In his book Choices — Inside the Making of India’s Foreign Policy, former National Security Adviser Shiv Shankar Menon writes that the reason India did not take the route of military retaliation against Pakistan after 26/11 was that there was more to be gained from not falling to that temptation.
In the first place, an Indian military attack on Pakistan would have pushed back the terrorist attack on Mumbai from Pakistani soil, forcing the world to focus on the spectre of war between two nuclear-armed nations; second, it would have united civilian Pakistan behind the Army, whose national image had descended several notches in the newly democratic atmosphere suffused with popular anger over Benazir Bhutto’s assassination.
A war with India was exactly what Pakistan wanted to buttress its internal standing. By not playing into the Pakistan Army’s hands, Menon says, India managed to bring international attention to the India-focused terrorist infrastructure in Pakistan — before 26/11, the US was worried only about getting Osama bin Laden and Pakistan-based Taliban groups that were targeting it.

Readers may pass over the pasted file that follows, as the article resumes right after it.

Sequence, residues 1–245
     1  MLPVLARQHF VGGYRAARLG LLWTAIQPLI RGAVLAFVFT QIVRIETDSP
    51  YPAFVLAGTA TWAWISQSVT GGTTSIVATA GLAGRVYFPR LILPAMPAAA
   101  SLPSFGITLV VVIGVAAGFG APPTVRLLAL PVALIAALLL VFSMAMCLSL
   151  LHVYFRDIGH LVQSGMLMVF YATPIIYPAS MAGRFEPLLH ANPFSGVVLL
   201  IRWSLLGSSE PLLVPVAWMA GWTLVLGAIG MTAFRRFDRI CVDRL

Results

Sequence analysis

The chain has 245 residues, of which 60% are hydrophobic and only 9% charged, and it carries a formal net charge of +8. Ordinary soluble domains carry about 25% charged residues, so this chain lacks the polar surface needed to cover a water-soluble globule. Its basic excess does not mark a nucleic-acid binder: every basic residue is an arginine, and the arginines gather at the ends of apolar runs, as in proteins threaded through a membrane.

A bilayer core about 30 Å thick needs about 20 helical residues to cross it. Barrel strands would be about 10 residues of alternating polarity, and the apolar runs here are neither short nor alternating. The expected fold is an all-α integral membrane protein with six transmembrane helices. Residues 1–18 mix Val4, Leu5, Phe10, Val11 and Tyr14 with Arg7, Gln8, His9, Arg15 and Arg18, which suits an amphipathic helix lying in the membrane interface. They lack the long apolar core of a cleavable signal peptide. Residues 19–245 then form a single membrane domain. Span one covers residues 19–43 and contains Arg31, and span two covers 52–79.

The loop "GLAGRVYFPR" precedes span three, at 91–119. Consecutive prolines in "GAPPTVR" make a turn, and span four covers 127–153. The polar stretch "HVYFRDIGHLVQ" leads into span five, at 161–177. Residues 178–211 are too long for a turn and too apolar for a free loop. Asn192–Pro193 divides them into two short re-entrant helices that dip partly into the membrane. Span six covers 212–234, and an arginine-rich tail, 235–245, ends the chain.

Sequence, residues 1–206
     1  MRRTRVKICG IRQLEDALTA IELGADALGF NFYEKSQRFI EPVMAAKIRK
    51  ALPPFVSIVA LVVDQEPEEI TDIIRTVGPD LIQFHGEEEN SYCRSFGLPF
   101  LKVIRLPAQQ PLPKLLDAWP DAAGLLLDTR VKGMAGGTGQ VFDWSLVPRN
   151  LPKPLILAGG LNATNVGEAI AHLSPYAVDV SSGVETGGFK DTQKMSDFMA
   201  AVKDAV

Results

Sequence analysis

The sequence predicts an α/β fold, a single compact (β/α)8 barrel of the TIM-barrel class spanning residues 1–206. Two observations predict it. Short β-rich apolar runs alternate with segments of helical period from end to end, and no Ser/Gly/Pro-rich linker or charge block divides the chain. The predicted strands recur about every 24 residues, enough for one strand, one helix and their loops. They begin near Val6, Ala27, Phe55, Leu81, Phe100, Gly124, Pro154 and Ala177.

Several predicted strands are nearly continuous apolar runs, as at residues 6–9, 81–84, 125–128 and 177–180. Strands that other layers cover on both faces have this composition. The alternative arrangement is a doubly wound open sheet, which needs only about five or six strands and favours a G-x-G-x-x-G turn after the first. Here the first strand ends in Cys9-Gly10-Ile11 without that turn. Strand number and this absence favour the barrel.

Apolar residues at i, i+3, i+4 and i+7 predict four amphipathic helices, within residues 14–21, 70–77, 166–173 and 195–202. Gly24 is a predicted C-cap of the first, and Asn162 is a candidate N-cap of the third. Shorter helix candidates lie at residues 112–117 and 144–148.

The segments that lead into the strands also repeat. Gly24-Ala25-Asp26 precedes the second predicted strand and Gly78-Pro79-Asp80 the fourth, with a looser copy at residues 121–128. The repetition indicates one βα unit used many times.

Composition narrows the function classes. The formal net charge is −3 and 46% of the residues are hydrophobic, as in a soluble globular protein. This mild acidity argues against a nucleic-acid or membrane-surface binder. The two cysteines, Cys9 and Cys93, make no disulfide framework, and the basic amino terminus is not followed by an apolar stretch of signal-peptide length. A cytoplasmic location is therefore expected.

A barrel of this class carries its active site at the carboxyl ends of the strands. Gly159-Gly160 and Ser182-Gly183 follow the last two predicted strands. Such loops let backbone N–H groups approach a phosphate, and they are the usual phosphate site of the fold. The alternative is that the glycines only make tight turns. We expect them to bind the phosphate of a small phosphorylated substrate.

But Menon also noted that should there be another attack from Pakistan, with or without visible backing from the Pakistani state, it would be “virtually impossible” for any government of India to make the same choice again, mainly because of Pakistan’s stubborn refusal to act against the perpetrators of 26/11. “The circumstances of November 2008 no longer exist and are unlikely to be replicated in the future,” he warned.